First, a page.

“Probiotics could be the next big trend in parenting because once you know which bacteria prevent disease, you can make sure that children get inoculated with those bacteria,” says McNagny.


Story Source:

The above story is based on materials provided by University of British Columbia. Note: Materials may be edited for content and length.


Journal Reference:

  1. Shannon L. Russell, Matthew J. Gold, Lisa A. Reynolds, Benjamin P. Willing, Pedro Dimitriu, Lisa Thorson, Stephen A. Redpath, Georgia Perona-Wright, Marie-Renιe Blanchet, William W. Mohn, B. Brett Finlay, Kelly M. McNagny. Perinatal antibiotic-induced shifts in gut microbiota have differential effects on inflammatory lung diseases. Journal of Allergy and Clinical Immunology, 2014; DOI: 10.1016/j.jaci.2014.06.027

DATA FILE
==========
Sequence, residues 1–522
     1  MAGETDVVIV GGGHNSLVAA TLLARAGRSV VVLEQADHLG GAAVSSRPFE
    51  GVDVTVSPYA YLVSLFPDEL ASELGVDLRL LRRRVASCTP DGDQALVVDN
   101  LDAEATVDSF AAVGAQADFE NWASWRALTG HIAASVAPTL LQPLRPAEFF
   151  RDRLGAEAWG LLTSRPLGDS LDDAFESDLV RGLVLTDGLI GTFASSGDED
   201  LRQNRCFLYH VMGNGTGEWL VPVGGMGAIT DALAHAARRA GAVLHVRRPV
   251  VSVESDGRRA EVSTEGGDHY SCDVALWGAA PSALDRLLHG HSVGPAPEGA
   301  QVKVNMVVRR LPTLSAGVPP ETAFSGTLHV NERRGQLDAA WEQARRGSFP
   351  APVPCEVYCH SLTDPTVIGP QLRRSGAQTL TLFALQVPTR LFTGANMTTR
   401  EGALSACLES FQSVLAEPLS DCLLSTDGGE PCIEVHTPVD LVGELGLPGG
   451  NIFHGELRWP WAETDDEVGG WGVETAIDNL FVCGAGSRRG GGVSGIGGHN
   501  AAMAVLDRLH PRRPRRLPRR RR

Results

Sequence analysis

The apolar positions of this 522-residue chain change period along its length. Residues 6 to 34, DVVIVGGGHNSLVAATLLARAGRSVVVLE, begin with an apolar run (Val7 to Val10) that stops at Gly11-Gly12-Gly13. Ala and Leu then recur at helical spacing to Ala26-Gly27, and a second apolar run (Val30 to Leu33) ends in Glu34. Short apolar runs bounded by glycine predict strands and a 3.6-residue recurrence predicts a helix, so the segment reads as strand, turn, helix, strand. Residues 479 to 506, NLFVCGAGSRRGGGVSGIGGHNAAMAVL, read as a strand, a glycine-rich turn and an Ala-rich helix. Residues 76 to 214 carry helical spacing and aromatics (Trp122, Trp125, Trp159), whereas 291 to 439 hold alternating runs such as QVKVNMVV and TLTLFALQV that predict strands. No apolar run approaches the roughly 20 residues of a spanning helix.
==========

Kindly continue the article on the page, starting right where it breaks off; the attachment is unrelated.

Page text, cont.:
Cite This Page:

University of British Columbia. "Antibiotics in early life may alter immunity long-term." ScienceDaily. ScienceDaily, 18 August 2014. <www.sciencedaily.com/releases/2014/08/140818095901.htm>.
University of British Columbia. (2014, August 18). Antibiotics in early life may alter immunity long-term. ScienceDaily. Retrieved September 21, 2014 from www.sciencedaily.com/releases/2014/08/140818095901.htm
University of British Columbia. "Antibiotics in early life may alter immunity long-term." ScienceDaily. www.sciencedaily.com/releases/2014/08/140818095901.htm (accessed September 21, 2014).

Share This



More Plants & Animals News

Sunday, September 21, 2014

Featured Research

from universities, journals, and other organizations


Featured Videos

from AP, Reuters, AFP, and other news services

Raw: San Diego Zoo Welcomes Cheetah Cubs

Raw: San Diego Zoo Welcomes Cheetah Cubs

AP (Sep. 20, 2014) — The San Diego Zoo has welcomed two Cheetah cubs to its Safari Park. The nearly three-week-old female cubs are being hand fed and are receiving around the clock care. (Sept. 20) Video provided by AP
Powered by NewsLook.com
Chocolate Museum Opens in Brussels

Chocolate Museum Opens in Brussels